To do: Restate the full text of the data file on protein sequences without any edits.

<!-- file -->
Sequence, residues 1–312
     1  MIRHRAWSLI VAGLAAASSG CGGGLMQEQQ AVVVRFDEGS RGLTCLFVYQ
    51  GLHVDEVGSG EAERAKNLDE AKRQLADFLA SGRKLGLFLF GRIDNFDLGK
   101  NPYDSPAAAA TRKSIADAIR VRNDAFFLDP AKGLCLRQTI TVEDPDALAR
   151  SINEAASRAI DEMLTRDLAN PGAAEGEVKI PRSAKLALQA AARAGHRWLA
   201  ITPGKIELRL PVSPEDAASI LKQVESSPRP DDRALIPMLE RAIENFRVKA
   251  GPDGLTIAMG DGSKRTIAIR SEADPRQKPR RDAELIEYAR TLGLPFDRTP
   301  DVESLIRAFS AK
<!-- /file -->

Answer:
Sequence, residues 1–312
     1  MIRHRAWSLI VAGLAAASSG CGGGLMQEQQ AVVVRFDEGS RGLTCLFVYQ
    51  GLHVDEVGSG EAERAKNLDE AKRQLADFLA SGRKLGLFLF GRIDNFDLGK
   101  NPYDSPAAAA TRKSIADAIR VRNDAFFLDP AKGLCLRQTI TVEDPDALAR
   151  SINEAASRAI DEMLTRDLAN PGAAEGEVKI PRSAKLALQA AARAGHRWLA
   201  ITPGKIELRL PVSPEDAASI LKQVESSPRP DDRALIPMLE RAIENFRVKA
   251  GPDGLTIAMG DGSKRTIAIR SEADPRQKPR RDAELIEYAR TLGLPFDRTP
   301  DVESLIRAFS AK